Shorts Program I
The Chicago Critics Film Festival hosts two shorts programs through its week-long run. This covers their first program scheduled for May 13. Directors Mark Borchardt (The Dundee Project) and Laura Moss (Fry Day) will be in attendance for a Q&A.
Drawn & Recorded: Teen Spirit
This Spotify-produced animated short details the origin of Nirvana’s “Smells Like Teen Spirit”. It’s a concise, visually appealing piece that’s careful not to extend beyond its intentions. Which is to say that it threads fairly close to becoming more a trivia curiosity than a piece of genuine artistry. Still, for those unfamiliar with the story, it’s an illuminating, inoffensive, and welcome introduction to the program. Noteworthy.
Approaching a Breakthrough
Some familiar faces populate this walk through Central Park, including Kieran Culkin and Mae Whitman. Approaching a Breakthrough details the neurotic misadventures of a young New Yorker (Culkin) as he’s confronted with the realities of his past infidelities and screw-ups. It’s an amusing delight, never extending beyond it’s welcome though painfully obvious in its execution. It’s really just a nugget of an idea, executed with formal competence, but its existential anxieties suggest something more profound. I’d be curious to see Pritzker handle this material in a longer format.
(Axel Danielson & Maximilien Van Aertryck)
This simple conceit observes various men and women atop a ten-meter high diving board. Typically split into two screens, we see some nifty formal patterns emerge, where the viewer watches as each person rationalizes between panic and calm before either making the jump or stepping down the ladder. It’s a terrific ethnographic study, one that’s so compulsively watchable and tense. A real highlight. Highly Recommended.
Detailing a UFO Festival in Dundee, Wisconsin, Mark Borchardt interviews various locals in an attempt to comprehend this backwards phenomenon. The key component here is the director’s ironic narration, which struck me as an especially nihilistic tonal choice. Borchardt’s chief interview is with a local loon named UFO Bob, whose self-incriminating diatribe comes across as an unnecessary assault. Sure to generate its fair share of laughs, Borchardt never takes his subjects especially seriously and succumbs to overwhelming cynicism. This was practically unendurable.
(Lucas Leyva and Jillian Mayer)
This rather unconventional short film sees its puppeteers dressed in all black, performing on-stage with an audience. Kaiju Bunraku details a couple under siege by an earthquake-producing monster. The craft on display is clearly very sophisticated, but its narrative obligations hinder what could’ve been a more ephemeral exercise.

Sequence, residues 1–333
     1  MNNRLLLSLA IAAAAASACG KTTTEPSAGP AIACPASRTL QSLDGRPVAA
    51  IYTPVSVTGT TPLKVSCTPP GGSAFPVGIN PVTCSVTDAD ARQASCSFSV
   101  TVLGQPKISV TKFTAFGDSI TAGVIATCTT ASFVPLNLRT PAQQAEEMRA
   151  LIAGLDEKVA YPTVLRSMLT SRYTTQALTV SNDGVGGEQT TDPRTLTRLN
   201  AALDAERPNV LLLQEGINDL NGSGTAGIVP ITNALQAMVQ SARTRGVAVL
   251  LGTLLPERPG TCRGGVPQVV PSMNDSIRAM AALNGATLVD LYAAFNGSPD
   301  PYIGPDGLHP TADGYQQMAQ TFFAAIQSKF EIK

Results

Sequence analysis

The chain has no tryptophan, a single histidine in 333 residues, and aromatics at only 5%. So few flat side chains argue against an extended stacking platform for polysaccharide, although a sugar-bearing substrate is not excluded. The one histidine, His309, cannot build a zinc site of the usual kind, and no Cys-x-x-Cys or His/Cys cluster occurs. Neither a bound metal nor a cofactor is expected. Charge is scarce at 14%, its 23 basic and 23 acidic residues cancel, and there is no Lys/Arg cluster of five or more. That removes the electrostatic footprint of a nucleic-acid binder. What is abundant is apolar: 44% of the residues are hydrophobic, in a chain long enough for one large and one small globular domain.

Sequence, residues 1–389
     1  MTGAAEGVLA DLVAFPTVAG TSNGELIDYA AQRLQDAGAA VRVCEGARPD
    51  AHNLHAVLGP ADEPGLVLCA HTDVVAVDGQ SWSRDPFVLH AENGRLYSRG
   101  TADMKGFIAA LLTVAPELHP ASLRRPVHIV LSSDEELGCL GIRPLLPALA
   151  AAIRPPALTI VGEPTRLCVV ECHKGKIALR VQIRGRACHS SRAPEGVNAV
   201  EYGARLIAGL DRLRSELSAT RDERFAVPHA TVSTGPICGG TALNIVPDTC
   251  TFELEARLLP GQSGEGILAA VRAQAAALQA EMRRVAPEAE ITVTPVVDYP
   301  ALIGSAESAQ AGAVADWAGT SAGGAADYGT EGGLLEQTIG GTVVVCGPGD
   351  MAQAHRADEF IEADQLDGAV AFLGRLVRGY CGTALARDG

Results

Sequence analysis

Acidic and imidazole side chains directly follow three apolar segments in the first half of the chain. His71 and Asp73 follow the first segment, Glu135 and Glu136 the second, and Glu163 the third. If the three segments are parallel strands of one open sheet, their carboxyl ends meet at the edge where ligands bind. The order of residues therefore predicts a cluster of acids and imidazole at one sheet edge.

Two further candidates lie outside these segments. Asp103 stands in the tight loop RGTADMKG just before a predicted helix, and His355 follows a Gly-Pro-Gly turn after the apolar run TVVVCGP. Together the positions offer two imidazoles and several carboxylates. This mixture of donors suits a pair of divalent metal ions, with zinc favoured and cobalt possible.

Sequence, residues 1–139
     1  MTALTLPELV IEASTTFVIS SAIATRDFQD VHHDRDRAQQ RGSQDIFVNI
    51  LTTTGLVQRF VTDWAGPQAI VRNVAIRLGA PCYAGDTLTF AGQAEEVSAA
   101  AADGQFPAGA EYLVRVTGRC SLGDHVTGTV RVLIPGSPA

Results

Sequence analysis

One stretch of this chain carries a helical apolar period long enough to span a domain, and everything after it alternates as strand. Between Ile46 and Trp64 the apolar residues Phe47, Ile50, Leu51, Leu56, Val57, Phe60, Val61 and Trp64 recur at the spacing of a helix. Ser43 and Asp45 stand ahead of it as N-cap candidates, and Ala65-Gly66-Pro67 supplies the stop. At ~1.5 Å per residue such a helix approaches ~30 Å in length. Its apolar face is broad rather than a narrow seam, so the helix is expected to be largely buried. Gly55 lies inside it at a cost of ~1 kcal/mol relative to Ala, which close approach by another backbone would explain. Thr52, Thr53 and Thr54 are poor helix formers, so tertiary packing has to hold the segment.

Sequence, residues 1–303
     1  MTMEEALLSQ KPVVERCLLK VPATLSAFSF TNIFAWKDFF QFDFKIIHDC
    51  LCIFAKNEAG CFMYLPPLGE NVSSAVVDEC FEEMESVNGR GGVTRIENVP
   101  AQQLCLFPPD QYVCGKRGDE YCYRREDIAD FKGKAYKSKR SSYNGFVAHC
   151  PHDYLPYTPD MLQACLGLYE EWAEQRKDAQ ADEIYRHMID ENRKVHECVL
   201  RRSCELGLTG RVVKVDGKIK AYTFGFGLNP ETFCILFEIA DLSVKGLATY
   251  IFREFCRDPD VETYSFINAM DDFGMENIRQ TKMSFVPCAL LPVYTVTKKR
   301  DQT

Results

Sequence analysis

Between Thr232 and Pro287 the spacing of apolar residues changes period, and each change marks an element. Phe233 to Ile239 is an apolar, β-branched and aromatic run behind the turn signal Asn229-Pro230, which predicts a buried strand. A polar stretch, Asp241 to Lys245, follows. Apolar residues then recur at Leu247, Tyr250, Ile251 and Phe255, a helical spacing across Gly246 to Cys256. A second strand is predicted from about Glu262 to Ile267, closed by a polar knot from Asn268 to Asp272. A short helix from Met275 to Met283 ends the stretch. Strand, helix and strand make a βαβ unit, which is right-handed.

Tough details a conversation between a young English woman and her Chinese mother. The two candidly discuss their heritage and the divergent values instilled in their upbringing in what becomes a confrontation between Maoist principles and Western ideals. The animation is vivid, utilizing a palette of red and black, with Zheng’s existential struggles between reconciling her Chinese heritage and perceived whiteness rendered with the utmost thoughtfulness. Recommended.
The highlight of the program, Laura Moss’ Fry Day involves an adolescent girl taking Polaroids at $2 a piece as a crowd gathers near the Florida State Prison to celebrate the execution of Ted Bundy. There’s a throughline statement within the film that explores the very sensitive and difficult transition from childhood to adulthood, particularly as it pertains to women. And as a cultural object, it serves as a foreboding warning on naivety and trust that’s so often afforded to white men. Moss displays an acute visual eye, with Fry Day possessing a particularly potent ephemeral quality that lingers well after the screen cuts to black. Highly Recommended.
Hell You Talmbout
(Denzel Boyd, Joseph Webb, and Tyler Rabinowitz)
This call to action short involves a Seattle tap dance troupe as they pay tribute to the numerous victims of violence in the black community. I hesitate to call the film an inspiration, but its energy is persuasive and kinetic. It’s an admirable social object that falls short of actually saying cinematically salient or politically puissant.